After lunch we broke into the small groups to begin discussions. I went to the tagging group and came away with some interesting ideas for applications of tagging in the classroom. One is to have the class search the tags that they think relate to the topics being discussed and evaluate the relevance of the resources discovered. This helps educate students about judging sources and introduces them to tagging. Then let them look for their own resources to tag and have them develop a taxonomy for the course. This gets them to think about meta content and larger themes.
Another idea was to have small groups tag resources for their projects and share them with each other. This provides a very easy way for the students to share the research they have found. Another thing that was discussed was the application of flickr in the classroom. No one really had a strong sense of where flickr fits into the classroom.
After twenty minutes we were to move to different groups if we so desired. It turned out that everyone joined the pedagogy discussion. It was an interesting discussion touching on issues like can we force sudents to blog, how do we measure the impact of social software, how will the use of social software in teaching be viewed when faculty are up for tenure. We then moved onto the remaining topics.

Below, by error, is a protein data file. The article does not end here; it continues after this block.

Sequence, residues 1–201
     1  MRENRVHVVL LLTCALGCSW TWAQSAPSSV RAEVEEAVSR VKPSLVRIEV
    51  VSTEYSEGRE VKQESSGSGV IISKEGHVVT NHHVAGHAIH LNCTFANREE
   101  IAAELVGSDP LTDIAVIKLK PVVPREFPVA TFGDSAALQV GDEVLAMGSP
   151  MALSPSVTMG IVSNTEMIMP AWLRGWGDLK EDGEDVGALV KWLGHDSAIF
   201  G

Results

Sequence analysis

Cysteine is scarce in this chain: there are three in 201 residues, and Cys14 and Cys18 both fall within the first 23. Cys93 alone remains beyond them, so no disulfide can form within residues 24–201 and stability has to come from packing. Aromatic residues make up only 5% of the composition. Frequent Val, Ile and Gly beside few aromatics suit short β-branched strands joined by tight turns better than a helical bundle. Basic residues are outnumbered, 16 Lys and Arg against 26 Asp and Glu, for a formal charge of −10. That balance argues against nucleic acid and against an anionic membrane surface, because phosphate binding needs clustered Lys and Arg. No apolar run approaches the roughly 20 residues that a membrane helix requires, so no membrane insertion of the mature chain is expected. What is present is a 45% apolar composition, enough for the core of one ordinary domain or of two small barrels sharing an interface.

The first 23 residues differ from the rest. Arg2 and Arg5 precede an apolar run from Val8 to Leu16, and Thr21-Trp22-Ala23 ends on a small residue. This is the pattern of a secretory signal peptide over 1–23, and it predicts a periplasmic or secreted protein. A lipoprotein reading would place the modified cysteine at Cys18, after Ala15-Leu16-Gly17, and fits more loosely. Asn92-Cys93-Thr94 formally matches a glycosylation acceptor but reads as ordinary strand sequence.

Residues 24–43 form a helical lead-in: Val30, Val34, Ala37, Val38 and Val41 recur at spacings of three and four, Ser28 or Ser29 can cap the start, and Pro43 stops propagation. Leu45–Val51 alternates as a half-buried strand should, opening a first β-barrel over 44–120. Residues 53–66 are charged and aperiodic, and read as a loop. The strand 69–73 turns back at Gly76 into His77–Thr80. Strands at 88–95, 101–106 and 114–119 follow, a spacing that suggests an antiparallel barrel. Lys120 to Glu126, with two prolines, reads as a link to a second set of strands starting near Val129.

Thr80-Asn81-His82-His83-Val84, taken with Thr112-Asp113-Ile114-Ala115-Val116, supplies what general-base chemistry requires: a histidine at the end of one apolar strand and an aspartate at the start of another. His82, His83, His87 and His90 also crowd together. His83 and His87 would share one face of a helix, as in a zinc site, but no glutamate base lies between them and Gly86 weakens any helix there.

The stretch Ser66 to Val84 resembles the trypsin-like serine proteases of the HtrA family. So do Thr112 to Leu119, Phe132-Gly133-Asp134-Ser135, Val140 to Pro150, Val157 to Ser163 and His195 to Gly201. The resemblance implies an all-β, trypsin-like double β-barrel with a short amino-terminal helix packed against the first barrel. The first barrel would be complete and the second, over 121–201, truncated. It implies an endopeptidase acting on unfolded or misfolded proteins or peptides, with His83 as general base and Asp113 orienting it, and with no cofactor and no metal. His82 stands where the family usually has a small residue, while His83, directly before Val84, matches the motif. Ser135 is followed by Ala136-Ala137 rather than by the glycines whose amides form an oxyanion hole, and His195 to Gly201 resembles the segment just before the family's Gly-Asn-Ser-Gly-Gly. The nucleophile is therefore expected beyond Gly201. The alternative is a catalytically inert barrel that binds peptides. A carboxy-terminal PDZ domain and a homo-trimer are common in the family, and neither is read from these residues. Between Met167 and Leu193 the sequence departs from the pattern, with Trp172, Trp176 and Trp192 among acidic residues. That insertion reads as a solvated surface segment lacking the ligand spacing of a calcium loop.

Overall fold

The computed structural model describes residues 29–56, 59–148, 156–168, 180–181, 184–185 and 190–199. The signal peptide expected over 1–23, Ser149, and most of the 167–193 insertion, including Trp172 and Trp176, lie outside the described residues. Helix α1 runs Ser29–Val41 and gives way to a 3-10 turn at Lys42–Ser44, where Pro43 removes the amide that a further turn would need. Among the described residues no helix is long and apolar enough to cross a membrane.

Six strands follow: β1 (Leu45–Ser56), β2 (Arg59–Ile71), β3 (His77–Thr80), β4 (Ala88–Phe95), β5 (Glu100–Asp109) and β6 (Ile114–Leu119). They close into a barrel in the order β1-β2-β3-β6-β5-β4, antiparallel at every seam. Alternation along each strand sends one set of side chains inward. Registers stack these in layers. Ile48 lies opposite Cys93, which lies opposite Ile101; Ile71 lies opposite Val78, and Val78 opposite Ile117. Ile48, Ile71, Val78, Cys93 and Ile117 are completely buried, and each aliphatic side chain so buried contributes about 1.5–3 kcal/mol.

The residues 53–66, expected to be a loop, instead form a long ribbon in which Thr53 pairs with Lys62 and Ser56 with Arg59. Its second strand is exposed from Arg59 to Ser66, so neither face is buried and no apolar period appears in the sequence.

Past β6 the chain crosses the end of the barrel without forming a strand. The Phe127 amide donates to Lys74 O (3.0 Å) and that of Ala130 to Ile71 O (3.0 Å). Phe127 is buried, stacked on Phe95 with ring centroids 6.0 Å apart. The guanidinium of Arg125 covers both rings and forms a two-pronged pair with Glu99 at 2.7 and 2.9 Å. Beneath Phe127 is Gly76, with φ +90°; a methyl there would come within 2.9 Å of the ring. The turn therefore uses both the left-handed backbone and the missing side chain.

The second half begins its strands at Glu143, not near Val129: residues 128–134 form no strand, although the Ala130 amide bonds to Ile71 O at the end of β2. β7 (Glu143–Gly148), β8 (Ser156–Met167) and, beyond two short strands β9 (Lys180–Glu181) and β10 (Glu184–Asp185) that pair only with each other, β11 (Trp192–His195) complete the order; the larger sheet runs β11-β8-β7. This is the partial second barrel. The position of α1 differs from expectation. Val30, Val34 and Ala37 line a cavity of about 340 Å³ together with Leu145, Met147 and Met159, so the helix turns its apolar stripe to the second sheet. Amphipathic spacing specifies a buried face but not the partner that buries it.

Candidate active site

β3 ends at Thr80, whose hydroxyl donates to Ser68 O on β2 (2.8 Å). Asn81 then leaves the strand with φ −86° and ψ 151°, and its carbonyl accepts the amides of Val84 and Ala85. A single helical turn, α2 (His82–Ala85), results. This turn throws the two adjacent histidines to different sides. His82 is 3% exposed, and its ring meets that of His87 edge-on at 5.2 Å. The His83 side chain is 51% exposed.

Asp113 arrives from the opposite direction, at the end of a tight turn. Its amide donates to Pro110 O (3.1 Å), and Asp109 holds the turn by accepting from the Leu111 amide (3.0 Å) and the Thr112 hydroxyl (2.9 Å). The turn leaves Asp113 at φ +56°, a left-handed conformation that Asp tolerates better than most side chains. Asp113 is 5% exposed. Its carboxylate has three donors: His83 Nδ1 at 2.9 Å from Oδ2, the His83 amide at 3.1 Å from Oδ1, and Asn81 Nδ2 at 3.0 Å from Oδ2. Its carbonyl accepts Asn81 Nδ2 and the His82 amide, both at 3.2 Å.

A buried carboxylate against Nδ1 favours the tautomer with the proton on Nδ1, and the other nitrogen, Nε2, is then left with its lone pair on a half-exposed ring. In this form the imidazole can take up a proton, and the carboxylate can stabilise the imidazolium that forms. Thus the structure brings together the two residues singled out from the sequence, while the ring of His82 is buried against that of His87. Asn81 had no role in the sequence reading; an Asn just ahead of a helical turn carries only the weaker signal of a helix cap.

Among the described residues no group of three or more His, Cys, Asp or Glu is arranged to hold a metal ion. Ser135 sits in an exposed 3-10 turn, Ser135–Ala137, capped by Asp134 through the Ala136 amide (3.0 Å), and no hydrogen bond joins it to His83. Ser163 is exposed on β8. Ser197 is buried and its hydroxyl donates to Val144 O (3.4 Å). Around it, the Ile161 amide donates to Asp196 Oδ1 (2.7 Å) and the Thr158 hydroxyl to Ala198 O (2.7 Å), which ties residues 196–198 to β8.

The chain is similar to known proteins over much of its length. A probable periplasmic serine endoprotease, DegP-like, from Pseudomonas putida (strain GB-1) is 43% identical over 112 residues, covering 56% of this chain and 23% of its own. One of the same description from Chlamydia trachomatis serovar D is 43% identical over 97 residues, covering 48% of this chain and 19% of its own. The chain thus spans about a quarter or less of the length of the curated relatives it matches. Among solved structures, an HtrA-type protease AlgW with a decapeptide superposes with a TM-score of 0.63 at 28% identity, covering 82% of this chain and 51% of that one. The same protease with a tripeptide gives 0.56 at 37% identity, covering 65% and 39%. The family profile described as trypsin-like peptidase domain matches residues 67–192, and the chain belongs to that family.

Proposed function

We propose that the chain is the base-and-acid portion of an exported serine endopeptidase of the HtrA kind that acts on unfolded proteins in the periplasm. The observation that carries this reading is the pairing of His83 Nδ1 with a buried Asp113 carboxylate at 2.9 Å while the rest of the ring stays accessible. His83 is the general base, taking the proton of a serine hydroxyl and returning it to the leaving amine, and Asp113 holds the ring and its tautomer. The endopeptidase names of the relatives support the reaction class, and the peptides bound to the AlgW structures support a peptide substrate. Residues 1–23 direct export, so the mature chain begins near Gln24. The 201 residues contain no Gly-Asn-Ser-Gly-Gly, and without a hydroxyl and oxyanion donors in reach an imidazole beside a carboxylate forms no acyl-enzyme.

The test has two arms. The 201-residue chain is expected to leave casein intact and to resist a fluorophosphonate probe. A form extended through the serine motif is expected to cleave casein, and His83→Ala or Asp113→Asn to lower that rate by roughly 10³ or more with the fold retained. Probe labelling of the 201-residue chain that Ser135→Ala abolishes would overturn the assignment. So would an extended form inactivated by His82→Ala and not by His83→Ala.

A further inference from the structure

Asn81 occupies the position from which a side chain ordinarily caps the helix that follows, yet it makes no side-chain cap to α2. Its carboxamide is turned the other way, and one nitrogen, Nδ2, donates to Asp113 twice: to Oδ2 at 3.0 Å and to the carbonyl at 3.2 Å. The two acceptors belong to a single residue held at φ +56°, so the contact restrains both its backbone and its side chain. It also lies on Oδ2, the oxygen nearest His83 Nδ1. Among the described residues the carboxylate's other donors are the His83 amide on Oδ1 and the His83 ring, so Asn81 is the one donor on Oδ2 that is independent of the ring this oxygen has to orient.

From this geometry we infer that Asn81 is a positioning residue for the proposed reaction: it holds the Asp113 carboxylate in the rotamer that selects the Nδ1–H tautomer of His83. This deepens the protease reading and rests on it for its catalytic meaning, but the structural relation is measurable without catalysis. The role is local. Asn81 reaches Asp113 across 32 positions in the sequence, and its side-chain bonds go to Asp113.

I went to the specific tools discussion as did most of the group. We looked at del.icio.us and how tags come into play, flickr, and Moodle. The discussion focused on giving people an idea of what was there and what was possible.
In the showcases I was really impressed with Gnosh and rideboard which were shown by Mike Richwalsky. I asked Mike if he planned on making rideboard open source and he said he thought he would. Very exciting. I also think the Skype conference idea showcased by the Oberlin i.t folks has some very interesting possibilities and I look forward to learning more about it.